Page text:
Figure 1 - CalWORKs Applications Have Run Below 2019 Levels Since April

Current Economic Conditions Are Distinct From Historic Precedent. The economic fallout from COVID‑19 differs from other recent recessions in three important ways, potentially explaining why caseload has not followed expectations based on historic trends:

  • Recent Recession Has Disproportionately Affected Workers Without Children. As Figure 2 shows, workers with and without children each accounted for about half of all job losses during the Great Recession, whereas workers without children accounted for 71 percent of pandemic‑related job losses. Since workers without children are ineligible for CalWORKs, this may explain why caseload has not increased in proportion to the increase in unemployment.
  • Initial Jobless Claims Appear to Have Overstated the Extent of Job Loss. Between February and July, more than 6 million claims for UI were filed, while only about 2 million jobs were recorded as lost. (This difference in part reflects that self‑employed individuals were newly eligible for UI under federal coronavirus relief legislation, but are not recorded in total employment figures, and also possibly that some individuals applied who were not eligible.) Typically, there is not such a large disparity between these two measures. Given this disparity, we reduced our reliance on UI claims in forecasting CalWORKs caseload. Had we not done so, our forecast would reach improbably large levels in the out‑years.
  • Recent Economic Trends Have Shifted Back and Forth in Unprecedented Ways. Many traditional economic measures, such as gross domestic product growth, exhibited an unprecedented “sea‑saw” effect over the summer—first falling rapidly, and then recovering almost as quickly as they fell. This is unlike other recent recessions, after which economic growth resumed only gradually following a months‑long period of economic stagnation.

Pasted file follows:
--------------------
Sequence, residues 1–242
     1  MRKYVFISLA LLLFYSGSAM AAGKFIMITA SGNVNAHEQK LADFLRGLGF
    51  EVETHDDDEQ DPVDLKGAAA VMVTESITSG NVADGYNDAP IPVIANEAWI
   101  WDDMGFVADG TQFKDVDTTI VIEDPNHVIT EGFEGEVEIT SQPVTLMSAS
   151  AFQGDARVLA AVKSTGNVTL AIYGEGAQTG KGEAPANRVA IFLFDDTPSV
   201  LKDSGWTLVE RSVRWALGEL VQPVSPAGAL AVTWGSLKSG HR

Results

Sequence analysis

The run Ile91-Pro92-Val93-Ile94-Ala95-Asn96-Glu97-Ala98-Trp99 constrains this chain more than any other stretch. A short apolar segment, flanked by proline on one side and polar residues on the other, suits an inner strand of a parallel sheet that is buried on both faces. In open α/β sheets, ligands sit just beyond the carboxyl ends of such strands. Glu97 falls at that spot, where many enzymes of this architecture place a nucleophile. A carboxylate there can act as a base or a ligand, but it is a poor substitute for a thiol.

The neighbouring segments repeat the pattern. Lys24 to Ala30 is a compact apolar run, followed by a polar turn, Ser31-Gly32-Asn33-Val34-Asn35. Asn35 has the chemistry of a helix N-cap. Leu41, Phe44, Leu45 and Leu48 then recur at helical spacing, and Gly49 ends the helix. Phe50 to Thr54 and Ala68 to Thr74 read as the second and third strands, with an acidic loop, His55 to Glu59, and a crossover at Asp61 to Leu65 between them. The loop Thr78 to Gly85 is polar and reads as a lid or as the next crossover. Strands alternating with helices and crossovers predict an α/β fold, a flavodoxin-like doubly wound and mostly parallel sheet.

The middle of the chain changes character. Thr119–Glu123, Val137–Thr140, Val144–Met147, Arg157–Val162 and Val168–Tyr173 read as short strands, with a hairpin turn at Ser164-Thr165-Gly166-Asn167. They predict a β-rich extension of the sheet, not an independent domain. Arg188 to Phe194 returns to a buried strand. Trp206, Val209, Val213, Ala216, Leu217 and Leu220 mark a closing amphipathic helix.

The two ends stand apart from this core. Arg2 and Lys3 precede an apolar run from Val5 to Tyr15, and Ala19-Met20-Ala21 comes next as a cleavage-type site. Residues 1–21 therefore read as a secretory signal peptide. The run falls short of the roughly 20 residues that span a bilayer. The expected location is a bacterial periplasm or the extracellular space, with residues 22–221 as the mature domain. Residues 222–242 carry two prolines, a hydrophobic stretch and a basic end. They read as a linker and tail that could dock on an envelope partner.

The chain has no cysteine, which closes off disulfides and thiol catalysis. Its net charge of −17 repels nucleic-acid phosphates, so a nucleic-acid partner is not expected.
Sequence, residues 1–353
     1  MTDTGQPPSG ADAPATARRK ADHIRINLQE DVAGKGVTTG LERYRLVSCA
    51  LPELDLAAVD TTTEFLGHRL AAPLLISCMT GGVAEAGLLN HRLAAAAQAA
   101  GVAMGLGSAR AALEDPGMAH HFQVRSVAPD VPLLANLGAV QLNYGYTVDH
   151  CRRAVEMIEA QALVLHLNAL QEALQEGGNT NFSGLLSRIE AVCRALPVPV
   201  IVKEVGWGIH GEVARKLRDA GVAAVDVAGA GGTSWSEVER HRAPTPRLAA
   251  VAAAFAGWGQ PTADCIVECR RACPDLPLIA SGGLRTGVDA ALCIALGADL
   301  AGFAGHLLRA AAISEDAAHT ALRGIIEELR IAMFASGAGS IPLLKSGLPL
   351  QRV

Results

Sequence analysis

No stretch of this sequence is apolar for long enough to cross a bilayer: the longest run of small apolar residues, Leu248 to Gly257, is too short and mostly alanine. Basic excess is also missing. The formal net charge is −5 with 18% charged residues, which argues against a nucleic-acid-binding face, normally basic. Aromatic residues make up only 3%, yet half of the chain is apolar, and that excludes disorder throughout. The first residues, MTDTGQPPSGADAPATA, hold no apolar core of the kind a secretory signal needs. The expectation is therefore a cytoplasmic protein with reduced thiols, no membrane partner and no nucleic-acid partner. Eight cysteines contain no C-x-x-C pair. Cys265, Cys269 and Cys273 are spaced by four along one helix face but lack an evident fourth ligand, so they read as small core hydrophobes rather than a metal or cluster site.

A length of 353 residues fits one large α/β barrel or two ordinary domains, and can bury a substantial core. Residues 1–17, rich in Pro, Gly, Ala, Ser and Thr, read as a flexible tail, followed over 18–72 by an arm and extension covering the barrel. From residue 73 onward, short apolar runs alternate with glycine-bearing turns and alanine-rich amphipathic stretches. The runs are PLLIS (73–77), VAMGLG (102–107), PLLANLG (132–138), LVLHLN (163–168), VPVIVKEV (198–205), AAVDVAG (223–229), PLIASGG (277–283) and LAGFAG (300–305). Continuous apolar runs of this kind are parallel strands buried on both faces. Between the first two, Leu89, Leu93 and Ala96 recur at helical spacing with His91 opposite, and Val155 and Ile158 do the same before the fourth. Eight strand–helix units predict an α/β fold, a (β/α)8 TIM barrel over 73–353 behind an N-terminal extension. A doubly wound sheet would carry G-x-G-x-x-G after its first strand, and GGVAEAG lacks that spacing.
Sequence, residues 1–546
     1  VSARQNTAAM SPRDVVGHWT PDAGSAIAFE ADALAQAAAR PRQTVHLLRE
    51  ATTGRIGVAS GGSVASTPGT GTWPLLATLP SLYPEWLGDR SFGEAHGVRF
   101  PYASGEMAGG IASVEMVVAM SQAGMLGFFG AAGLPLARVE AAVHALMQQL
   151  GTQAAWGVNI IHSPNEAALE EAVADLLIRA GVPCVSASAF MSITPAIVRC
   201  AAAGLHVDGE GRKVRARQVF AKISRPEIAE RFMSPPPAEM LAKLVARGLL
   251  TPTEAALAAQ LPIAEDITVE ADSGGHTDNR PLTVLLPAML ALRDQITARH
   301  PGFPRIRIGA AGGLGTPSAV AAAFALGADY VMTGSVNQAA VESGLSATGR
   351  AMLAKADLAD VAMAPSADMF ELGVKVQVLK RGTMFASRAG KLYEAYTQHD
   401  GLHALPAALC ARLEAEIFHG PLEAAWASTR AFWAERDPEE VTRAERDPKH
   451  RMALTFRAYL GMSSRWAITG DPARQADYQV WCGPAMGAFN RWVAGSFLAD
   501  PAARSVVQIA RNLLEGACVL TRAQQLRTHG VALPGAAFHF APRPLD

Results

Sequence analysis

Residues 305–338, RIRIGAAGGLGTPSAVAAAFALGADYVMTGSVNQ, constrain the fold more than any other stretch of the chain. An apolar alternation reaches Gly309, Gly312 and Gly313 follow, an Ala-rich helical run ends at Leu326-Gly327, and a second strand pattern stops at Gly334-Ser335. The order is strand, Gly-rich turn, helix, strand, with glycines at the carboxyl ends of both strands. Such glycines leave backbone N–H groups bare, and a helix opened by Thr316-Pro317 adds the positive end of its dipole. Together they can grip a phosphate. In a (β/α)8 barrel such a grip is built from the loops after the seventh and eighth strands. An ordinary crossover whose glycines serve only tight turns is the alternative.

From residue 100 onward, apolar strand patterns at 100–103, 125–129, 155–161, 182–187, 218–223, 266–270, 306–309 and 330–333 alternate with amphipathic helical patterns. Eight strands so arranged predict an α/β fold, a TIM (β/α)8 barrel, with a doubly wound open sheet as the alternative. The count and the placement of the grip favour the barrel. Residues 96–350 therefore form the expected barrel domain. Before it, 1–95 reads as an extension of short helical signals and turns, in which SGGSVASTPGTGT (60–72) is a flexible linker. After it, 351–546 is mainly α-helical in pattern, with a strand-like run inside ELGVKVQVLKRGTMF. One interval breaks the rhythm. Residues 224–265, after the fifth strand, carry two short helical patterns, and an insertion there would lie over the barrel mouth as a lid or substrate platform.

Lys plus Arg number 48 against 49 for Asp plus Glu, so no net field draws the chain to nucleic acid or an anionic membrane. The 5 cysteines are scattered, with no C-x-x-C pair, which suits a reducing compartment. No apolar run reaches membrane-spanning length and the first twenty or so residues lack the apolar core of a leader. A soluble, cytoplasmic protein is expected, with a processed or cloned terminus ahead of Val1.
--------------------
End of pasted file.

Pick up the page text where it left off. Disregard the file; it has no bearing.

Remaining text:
Figure 2 - Unlike Great Recession, Recent Job Losses Concentrated Amongst Workers Without Children

Recent Economic Stimulus May Have Temporarily Decreased CalWORKs Demand. Federal coronavirus relief measures were both larger and quicker in their effects than stimulus in other recent recessions. Personal income for Californians actually increased by about 6 percent between the first and second quarters of 2020 even as unemployment increased more than 10 percentage points, in part reflecting federal relief measures that put cash in people’s pockets. In addition, the state placed a moratorium on evictions, potentially providing additional relief to cash‑strapped families. These relief efforts may have reduced demand for cash assistance programs like CalWORKs, at least in the short term.

Public Health Measures May Affect CalWORKs Applications. Another important difference between current economic conditions and other recent recessions is the public health crisis itself. As a result of the ongoing pandemic, most county human services offices have been affected by public health closures since March. We have talked to several of these offices throughout the state, and we understand that they have made extraordinary efforts to ensure CalWORKs remains accessible even during public health lockdowns. Such steps include expanding online and telephone application and approval processes, maintaining physical drop boxes for paper applications, and allowing for in‑person applications by appointment. Nevertheless, it remains possible that public health closures have affected the ability, and desire, of some potential CalWORKs applicants to enroll in the program.

Future Trends Unclear

Caseload Might Increase After Stimulus Ends, Public Health Restored. We anticipate several future events which will affect enrollment in CalWORKs, although their exact timing or impact on caseloads is unclear:

  • Federal Stimulus Will Eventually Be Exhausted. Currently authorized federal relief funding will be expended by 2020, and it is not clear whether additional relief measures will be authorized or for how long. At some point, all relief funding will be expended. To the extent this funding has reduced demand for CalWORKs assistance, its expiration may lead to increased caseloads.
  • Improvements in Public Health. At some point, some combination of vaccines and therapeutics will allow for normal economic activities to resume, including normal operations at county human services departments. To the extent that public concerns or related policy measures have suppressed CalWORKs applications, the restoration of public health may lead to increased caseloads. On the other hand, public health concerns have also resulted in the loss of income for many families, and thus the restoration of normal economic activity could dampen caseload increases.